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Popular television shows such as "Doctor Who" have brought the idea of time travel into the vernacular of popular culture. But problem of time travel is even more complicated than one might think. LSU's Mark Wilde has shown that it would theoretically be possible for time travelers to copy quantum data from the past.
For example, would it be possible to travel back in time to kill one's grandfather? In the Grandfather paradox, a time traveler faces the problem that if he kills his grandfather back in time, then he himself is never born, and consequently is unable to travel through time to kill his grandfather, and so on. Some theorists have used this paradox to argue that it is actually impossible to change the past.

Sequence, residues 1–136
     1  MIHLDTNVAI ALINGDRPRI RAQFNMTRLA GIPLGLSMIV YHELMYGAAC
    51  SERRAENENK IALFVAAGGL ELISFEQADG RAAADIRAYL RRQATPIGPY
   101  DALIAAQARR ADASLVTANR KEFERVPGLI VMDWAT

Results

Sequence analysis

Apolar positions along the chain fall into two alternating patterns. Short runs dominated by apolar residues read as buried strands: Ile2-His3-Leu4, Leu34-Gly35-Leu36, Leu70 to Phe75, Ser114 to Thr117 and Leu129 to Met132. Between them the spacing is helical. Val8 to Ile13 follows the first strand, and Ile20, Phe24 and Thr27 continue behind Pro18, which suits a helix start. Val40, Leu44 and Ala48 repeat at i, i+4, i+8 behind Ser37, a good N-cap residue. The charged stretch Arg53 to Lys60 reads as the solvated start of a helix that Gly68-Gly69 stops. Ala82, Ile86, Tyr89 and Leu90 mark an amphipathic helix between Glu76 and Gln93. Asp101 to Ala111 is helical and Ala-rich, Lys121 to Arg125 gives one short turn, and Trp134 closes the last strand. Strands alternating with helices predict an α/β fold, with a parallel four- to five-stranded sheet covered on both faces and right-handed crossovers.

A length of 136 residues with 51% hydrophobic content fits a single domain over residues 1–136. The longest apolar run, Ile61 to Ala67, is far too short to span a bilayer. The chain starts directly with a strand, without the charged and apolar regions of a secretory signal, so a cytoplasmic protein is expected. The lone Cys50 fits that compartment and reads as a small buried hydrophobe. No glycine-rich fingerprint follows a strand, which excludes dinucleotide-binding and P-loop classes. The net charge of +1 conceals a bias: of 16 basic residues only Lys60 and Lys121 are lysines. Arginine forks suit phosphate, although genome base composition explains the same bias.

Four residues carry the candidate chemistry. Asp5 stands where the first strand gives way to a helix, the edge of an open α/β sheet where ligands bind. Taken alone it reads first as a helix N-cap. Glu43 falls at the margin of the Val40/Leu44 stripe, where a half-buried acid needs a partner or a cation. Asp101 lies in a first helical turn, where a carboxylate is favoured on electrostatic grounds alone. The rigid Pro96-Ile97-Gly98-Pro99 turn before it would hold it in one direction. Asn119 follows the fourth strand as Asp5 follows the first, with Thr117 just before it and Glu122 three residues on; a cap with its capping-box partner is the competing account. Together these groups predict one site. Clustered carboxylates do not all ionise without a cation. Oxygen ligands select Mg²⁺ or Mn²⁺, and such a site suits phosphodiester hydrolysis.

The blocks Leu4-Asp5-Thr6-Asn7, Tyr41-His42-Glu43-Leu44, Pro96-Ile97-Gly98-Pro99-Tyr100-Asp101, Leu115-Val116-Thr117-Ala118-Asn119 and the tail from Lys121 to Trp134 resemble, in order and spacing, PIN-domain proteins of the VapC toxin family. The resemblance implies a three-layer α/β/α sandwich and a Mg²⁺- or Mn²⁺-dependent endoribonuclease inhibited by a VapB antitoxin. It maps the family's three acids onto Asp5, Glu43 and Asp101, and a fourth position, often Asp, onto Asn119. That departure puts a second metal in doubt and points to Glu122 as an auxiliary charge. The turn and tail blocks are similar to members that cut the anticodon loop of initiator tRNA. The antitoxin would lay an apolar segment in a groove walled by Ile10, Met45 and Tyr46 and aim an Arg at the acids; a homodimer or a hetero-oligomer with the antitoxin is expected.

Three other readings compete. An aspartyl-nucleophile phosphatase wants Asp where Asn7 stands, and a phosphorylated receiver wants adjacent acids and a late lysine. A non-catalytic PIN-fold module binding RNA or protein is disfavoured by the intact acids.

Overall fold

Deutsch solved the Grandfather paradox originally using a slight change to quantum theory, proposing that you could change the past as long as you did so in a self-consistent manner.
"Meaning that, if you kill your grandfather, you do it with only probability one-half," Wilde said. "Then, he's dead with probability one-half, and you are not born with probability one-half, but the opposite is a fair chance. You could have existed with probability one-half to go back and kill your grandfather."
I also remember seeing a documentary about time travel, saying that time paradoxes could be impossible, as the universe will simply not allow it happen for some odd reason.
The thing with time travel these days from what modern scientists say, is that it almost impossible to figure out how to go back in time. They know it possible to go forward due to what happened to an astronaut moving a few seconds forward in time.